tend to choose friends who share our interests and outlooks, but our
selections may have less conscious and more ancient roots. Recent
research suggests friends share genetic similarities and that resulting
social networks play an important role in human evolution.
In their paper "Friendship and Natural Selection," published in the Proceedings of the National Academy of Science, Nicholas Christakis, a physician and social scientist at Yale, and James Fowler,
a professor of medical genetics and political science at the University
of California at San Diego, write that the number of genetic markers
shared by two friends is about what they would have if they were fourth cousins.
That amounts to about one percent of a human's genetic markers. That doesn't sound like much, but Fowler explains in a Washington Post story
that has huge implications for human evolution. Researchers found the
genes that friends have in common seem to be evolving faster than other
genes, so our social environments and social networks could be a key
no gene for friendship, and no way to predict friendship among people
because of a particular genetic trait. But the genetic data of two
people provides clues to whether they will become friends. The
researchers developed a genetic "friendship score" that suggests the
likelihood of friendship. Individuals don't consciously recognize these
similarities, but they are statistically measurable in huge data sets.
are likely to share genes associated with the sense of smell. Being
drawn to the same scent could attract us to certain environments, the
authors suggest: people who like the smell of coffee might be drawn to
coffee shops where they meet others who like the smell. The authors
think our sense of smell may be one of the mechanisms humans use to
identify genetically similar friends, though they emphasize more
research is needed to discover how that happens.
and Fowler examined genetic information and details of social
relationships documented among nearly 2,000 people who participated in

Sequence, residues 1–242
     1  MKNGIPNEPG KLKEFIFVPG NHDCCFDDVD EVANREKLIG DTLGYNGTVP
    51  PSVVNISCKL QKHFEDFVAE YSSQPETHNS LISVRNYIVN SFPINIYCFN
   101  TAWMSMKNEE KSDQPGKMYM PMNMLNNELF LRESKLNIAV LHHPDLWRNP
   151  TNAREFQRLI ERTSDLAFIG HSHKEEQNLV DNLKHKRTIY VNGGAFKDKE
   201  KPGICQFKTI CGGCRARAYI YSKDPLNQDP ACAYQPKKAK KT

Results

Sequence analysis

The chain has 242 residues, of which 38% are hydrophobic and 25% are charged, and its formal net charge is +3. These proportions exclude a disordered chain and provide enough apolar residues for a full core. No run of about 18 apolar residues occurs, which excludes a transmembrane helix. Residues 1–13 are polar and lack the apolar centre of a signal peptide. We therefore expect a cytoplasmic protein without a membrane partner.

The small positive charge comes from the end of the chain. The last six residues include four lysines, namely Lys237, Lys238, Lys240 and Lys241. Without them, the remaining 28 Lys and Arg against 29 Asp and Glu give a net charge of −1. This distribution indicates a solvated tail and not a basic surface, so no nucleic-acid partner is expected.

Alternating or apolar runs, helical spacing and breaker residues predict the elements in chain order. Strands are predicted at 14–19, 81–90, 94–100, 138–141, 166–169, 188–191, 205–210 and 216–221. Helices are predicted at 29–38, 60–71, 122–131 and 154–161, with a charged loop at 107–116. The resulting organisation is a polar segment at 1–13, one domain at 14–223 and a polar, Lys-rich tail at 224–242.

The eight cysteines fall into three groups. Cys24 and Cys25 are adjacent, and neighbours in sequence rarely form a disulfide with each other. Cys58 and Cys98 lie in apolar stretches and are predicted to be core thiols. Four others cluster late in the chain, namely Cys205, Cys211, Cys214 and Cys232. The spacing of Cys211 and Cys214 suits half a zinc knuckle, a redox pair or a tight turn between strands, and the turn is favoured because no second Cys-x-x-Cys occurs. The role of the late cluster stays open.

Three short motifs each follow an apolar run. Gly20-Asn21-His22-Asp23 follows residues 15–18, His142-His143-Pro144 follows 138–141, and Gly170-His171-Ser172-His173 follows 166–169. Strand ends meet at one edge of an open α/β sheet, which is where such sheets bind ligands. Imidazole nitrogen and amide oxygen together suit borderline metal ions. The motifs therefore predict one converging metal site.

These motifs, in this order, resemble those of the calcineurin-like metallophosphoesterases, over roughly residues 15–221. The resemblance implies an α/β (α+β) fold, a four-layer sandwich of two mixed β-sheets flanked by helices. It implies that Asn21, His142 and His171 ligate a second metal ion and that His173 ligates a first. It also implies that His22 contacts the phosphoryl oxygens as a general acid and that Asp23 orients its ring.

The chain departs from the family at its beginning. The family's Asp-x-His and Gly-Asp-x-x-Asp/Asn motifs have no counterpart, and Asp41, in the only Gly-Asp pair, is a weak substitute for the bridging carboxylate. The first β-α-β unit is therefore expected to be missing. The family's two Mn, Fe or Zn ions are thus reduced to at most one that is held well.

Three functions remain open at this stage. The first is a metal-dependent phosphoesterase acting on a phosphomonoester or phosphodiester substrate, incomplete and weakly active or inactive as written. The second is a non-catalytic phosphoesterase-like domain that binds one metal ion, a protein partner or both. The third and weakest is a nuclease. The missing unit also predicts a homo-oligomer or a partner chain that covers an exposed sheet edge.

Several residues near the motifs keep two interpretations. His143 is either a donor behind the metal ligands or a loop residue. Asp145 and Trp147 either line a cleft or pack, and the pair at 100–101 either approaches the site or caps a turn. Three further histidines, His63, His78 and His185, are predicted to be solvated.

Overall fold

the Framingham Heart Study
that began in 1948. They and colleagues analyzed nearly 1.5 million
markers of gene variations, and compared the data for pairs of unrelated
friends and pairs of unrelated strangers. Because nearly all the people
in the study had similar European origins, the findings weren't
explainable by the tendency to gravitate to others of similar
friends are less likely to share genes associated with immunity to
specific diseases, the authors note, and that that could be an
evolutionary advantage. We're somewhat less susceptible to the things
that sicken our friends.
In their book Connected,
Christakis and Fowler write that social networks are in our genes.
After studying friendship networks among 1,110 twins drawn from national
health data of 90,115 adolescents, they discovered that social network
structure was influenced by genes: kids located at the center of their
networks had a different genetic makeup than those located at the
periphery, and those whose friends were closely connected had different
genetic make than those with friends in divergent groups.
the new paper they discuss the role of genes in a broader social
environment where we interact and collaborate with friends and
strangers. "Our results support the idea that humans might be seen as metagenomic
not just with respect to the microbes within them, but with respect to
the humans around them. It may be useful to view a person's genetic
landscape as a summation of the genes within the individual and within
the people surrounding the individual, just as in certain other